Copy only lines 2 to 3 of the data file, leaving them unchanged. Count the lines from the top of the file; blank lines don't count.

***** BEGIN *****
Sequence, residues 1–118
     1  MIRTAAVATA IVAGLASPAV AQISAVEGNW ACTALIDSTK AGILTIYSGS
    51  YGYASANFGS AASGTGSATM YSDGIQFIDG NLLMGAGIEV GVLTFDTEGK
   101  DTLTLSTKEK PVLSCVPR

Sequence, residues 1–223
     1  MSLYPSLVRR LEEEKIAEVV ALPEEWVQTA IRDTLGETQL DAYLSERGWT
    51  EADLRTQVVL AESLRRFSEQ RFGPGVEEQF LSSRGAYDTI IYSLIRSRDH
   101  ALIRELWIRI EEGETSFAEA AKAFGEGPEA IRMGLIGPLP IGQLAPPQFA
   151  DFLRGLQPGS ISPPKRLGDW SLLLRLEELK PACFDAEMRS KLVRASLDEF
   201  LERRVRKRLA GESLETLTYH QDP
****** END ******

     1  MIRTAAVATA IVAGLASPAV AQISAVEGNW ACTALIDSTK AGILTIYSGS
    51  YGYASANFGS AASGTGSATM YSDGIQFIDG NLLMGAGIEV GVLTFDTEGK